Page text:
True Colour

May 18, 2008 at 8:23 pm | Posted in Design, Hardware, Software | Leave a comment
purple flower
Creative Commons Photo by Subramanyan

Color possesses me. I don’t have to pursue it. It will possess me always, I know it. That is the meaning of this happy hour: Color and I are one. I am a painter.
— Paul Klee

In the TV world, North America uses a technology known as “NTSC” for reproducing colours on the screen. Jokingly, this is said to mean ‘Never Twice the Same Color’. This meant when you visited Aunt Freda’s, your favorite characters on Bonanza might look rather green. The ‘Auto’ button on newer TV’s helped quite a bit to calibrate the drifting settings. Flat screens are further improved but any visit to a TV store will illustrate the variety even today.

Computers suffered worse. At first a “Color” monitor meant just 256 colours. And they weren’t the same 256 colours on a Mac. (just 216 in common) Slowly, people got better monitors that supported more and more colours. But they still had programs that would change monitor settings around and not set them back. So even though they may have been able to see 16 million colours, it may have been set much lower. In the early days of web design, coders used “web safe” colours. That is, colours they were pretty sure would show OK on most computers. If they used other colours, they might look horribly blotchy. (The Web Ref tab above has more on this) Still, I had a few meetings with clients to show work on the web and I was horrified at what their monitor was showing. Bleeding reds, washed out tones, or light text faded into the background.

These days, there is more stability but still lots of variability.

You also have problems when you try and print. Printers use a different colour model (reflected colour) and may be set quite differently. Send your work to an expensive printer and what came back was !! or you wasted that expensive paper.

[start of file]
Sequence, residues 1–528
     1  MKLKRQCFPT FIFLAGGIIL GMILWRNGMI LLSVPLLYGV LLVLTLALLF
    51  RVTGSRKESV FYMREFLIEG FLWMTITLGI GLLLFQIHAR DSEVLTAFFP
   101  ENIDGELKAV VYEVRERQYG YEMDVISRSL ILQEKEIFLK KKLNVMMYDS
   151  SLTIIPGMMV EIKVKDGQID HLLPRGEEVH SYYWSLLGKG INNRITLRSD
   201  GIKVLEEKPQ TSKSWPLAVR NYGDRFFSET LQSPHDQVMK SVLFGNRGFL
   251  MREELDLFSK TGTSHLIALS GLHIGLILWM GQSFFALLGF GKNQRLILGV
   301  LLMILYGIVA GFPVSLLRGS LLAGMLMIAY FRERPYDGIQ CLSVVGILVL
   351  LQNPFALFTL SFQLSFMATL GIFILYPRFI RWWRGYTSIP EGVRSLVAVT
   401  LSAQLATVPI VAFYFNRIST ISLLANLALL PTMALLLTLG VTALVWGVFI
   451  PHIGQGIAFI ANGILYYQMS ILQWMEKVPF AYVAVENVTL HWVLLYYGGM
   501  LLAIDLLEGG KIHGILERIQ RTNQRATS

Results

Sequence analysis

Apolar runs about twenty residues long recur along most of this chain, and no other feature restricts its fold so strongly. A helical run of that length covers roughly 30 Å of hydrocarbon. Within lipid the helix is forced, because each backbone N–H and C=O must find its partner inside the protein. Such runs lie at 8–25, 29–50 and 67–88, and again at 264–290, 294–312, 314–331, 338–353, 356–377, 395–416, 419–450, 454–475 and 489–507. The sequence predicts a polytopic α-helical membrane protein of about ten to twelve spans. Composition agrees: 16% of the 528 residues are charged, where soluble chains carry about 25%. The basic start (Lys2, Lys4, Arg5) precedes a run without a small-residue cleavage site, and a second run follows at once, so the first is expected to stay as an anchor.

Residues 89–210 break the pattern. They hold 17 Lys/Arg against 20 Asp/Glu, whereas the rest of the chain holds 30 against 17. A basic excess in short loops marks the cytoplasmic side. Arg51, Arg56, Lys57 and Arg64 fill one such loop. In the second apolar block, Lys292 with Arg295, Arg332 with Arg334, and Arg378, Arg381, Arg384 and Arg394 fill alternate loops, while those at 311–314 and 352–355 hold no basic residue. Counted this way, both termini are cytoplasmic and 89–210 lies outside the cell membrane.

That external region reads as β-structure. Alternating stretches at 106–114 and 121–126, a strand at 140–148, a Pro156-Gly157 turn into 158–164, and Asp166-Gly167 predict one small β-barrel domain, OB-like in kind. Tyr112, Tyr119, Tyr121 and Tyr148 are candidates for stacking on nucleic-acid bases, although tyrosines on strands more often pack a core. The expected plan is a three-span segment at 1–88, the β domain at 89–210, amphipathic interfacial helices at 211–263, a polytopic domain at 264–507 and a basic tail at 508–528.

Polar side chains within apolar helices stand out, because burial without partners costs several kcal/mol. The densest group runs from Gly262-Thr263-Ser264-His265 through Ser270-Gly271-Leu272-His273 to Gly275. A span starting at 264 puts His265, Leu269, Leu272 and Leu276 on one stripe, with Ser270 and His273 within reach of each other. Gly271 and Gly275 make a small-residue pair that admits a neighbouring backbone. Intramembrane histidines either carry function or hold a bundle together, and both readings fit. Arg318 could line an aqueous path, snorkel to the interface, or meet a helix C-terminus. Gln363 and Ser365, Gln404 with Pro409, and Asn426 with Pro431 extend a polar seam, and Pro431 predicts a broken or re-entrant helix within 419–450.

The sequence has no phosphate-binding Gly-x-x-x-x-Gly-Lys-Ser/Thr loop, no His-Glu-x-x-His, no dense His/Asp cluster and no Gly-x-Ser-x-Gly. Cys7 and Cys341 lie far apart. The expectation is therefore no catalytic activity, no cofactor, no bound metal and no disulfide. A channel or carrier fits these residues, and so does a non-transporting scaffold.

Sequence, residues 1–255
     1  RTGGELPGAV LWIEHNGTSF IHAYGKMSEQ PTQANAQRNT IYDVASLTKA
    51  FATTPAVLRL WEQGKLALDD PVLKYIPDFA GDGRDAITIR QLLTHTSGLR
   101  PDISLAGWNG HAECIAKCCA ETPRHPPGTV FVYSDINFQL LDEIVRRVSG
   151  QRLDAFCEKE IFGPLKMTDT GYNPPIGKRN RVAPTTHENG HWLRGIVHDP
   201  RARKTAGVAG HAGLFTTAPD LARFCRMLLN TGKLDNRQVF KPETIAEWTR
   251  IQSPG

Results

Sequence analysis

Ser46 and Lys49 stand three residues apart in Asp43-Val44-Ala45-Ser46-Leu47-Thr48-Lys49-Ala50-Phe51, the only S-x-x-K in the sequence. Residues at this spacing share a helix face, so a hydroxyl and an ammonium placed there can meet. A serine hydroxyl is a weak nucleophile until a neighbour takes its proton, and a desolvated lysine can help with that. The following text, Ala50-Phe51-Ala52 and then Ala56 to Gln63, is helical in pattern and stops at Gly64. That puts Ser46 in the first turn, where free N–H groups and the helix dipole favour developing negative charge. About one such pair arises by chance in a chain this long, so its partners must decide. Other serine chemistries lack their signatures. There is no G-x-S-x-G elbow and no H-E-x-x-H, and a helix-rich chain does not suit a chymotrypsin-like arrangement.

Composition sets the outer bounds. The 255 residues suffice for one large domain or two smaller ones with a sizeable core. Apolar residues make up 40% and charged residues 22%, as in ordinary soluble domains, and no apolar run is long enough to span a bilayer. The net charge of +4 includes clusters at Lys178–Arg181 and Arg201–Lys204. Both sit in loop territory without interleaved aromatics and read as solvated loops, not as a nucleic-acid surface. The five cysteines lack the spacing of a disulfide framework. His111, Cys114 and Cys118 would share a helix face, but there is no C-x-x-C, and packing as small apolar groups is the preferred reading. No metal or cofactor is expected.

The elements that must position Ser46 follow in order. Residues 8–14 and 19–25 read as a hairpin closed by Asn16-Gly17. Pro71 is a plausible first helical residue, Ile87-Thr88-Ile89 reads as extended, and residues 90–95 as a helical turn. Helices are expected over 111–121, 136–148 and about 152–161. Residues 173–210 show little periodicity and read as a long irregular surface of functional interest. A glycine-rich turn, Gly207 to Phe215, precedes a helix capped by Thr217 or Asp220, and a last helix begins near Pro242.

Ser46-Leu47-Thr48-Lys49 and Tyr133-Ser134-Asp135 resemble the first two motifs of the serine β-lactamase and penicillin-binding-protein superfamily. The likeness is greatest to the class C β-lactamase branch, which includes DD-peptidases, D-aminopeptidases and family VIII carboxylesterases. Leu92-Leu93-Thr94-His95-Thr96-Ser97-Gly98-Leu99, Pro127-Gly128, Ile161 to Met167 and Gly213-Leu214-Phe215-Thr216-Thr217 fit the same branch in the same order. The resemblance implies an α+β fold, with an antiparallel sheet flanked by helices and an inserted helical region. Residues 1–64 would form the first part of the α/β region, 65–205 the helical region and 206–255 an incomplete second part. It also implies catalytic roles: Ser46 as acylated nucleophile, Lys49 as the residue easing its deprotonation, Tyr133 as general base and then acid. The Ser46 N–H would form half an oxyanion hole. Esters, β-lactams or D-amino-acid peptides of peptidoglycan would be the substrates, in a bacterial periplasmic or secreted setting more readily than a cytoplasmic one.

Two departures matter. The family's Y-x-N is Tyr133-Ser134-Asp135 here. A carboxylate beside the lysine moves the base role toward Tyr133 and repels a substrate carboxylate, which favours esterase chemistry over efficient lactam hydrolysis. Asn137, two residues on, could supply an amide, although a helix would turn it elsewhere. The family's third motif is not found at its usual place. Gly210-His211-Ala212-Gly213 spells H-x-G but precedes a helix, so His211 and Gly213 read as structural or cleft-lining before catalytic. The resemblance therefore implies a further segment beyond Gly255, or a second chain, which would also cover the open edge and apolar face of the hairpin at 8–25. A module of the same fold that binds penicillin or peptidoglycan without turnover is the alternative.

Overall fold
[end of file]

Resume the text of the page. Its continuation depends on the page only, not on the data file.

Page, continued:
If you have recently upped to having multiple monitors (big desktop) you will likely have noticed that even 2 screens from the same place will have different colorings. This gets a little distracting when you move images from one side of the desktop to the other. Or across a network.

All this can put a real cramp on digital photography and art.

Like Typography, early Mac’s included colour calibration so you could save proper colour settings for your monitor and do more accurate colour work. Thats why Macs became favorites for designers. PC’s meanwhile have NEVER had decent colour calibration included in Windows. Adobe developed utilities when they ported PhotoShop to the PC. (It adds Adobe Gamma to the Control Panel) Some video cards, like my ATI add a colour tab. (Monitor Properties, Settings tab, Advanced button, color tab) Microsoft does actually have a Color Powertoy available, but as an unsupported download for XP.

Pros often use hardware tools to calibrate their monitors for correct colour. The excellent Spyder line has introduced more affordable products for the serious user.

Recently, the once paid-for program Calibrize has changed to an advertising model, with banner ads on the tool. The download is completely free. If you don’t have an Adobe package and don’t have a good monitor adjustment utility, this may be a great option. Its easier to use than the Powertoy too. It can remind you to check every so often but by default does not nag.

When I tried to follow the very simple directions, my monitor would not let me change the contrast settings. However, in the ATI control panel (Monitor Properties, Settings, Advanced, color tab), I could adjust all settings there easily. This meant I didn’t really need Calibrize but it still had handy visual guides for the settings. Without Adobe and ATI on board, it would be very useful. I’ve tried a number of such tools and this is one of the few that doesn’t need a manual to use.


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